6 Measures to further improve our understanding .......................................................................... 40 6.1 Data rescue, collection, digitization, and sharing ............................................................... 40 6.2 Climate change detection and attribution ........................................................................... 41

    7 Wider societal benefits .................................................................................................................... 43

    References........................................................................................................................................... 45

    Appendix: ETCCDI indices................................................................................................................. 49

  • Page 3

    Foreword The World Meteorological Organization (WMO) works collectively with its 188 Members to provide an authoritative voice on the Earth’s climate system. These efforts have led to the implementation of several products that provide regular information on the status of the global climate system, including products that monitor the occurrence of extreme weather and climate events. World Meteorological Congress XV recognized the increasing importance that Members are placing on monitoring, assessing and predicting the climate system at various space and time scales. In addition, it stressed the importance of high-quality climatologically observations and data sets for understanding and monitoring climate variability and change and urging Members to enhance climate monitoring capabilities for the generation of new and improved products and services. This even greater emphasis on climate continues a trend that has emerged over the past several decades whereby WMO has gradually increased the priority that it has given climate issues, following the World Climate Conferences in 1979 and 1990, each of which led to the creation of key climate programmes and bodies such as the World Climate Program (WCP), Global Climate Observing System (GCOS) as well as the Intergovernmental Panel on Climate Change (IPCC). In this context with the rapidly evolving WMO role and duties in climate, WMO’s Commission for Climatology (CCl), the World Climate Research Program (WCRP) with Climate Variability and Predictability (CLIVAR), and the Joint WMO-IOC Technical Commission for Oceanography and Marine Meteorology (JCOMM) have worked jointly to advance knowledge on climate change and extremes using scientifically computed statistics (indices) by undertaking scientific research, developing tools for the analysis of indices, and organizing capacity building workshops. I would like to congratulate the experts of the CCl/CLIVAR/JCOMM Team on Climate Change Detection and Indices (ETCCDI) for their excellent work in providing the scientific coordination of a number of regional workshops in all WMO regions and publishing high standard publications including this one. Addressing the observed as well as future changes in extremes is very pertinent approach taken in this publication. It well reflects that in the changing climate, past climate information is not sufficient to provide reliable indications for the future climate. The publication of such highly scientific material will further assist National Meteorological and Hydrological Services (NMHSs) and other climate-related institutions in providing scientific information in support of informed decisions in adaptating to climate variability and change. Finally, this publication is timely as the third World Climate Conference (WCC-3), scheduled to take place from 31 August to 4 September 2009, which will decide on a new framework for improved climate information and services. (M. Jarraud) Secretary-General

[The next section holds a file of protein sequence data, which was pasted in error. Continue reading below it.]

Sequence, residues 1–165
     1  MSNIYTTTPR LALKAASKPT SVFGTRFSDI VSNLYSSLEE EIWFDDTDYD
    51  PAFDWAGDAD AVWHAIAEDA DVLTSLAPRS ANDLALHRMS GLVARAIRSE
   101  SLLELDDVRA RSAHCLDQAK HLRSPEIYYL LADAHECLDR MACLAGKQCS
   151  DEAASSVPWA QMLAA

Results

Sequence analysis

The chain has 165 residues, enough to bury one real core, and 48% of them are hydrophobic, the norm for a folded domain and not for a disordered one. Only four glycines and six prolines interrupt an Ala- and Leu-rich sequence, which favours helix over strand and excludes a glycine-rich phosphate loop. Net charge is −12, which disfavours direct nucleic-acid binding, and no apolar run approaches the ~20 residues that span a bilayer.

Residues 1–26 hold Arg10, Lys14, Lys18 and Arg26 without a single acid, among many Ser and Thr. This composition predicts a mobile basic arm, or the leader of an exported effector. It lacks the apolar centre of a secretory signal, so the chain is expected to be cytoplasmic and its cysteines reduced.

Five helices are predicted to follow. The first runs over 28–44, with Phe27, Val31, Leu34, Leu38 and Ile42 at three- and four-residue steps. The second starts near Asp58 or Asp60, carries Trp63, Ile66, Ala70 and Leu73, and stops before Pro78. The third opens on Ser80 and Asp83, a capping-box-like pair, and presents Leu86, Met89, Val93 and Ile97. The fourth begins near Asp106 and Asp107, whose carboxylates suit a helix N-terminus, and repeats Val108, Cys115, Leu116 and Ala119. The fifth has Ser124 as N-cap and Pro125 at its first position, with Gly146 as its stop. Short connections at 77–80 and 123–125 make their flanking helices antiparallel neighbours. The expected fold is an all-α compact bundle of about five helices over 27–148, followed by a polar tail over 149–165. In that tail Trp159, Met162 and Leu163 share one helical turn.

• Page 4

    Acknowledgement

    This guidelines document follows on a workshop in De Bilt, The Netherlands, 13–16 May 2008, which was organized jointly by CCL/CLIVAR/JCOMM-ETCCDI and the European Union project ENSEMBLES (www.ensembles-eu.org). It constitutes one of the major actions of the ETCCDI work plan for 2006– 2009 that was developed during a meeting in Niagara-on-the-Lake, Cana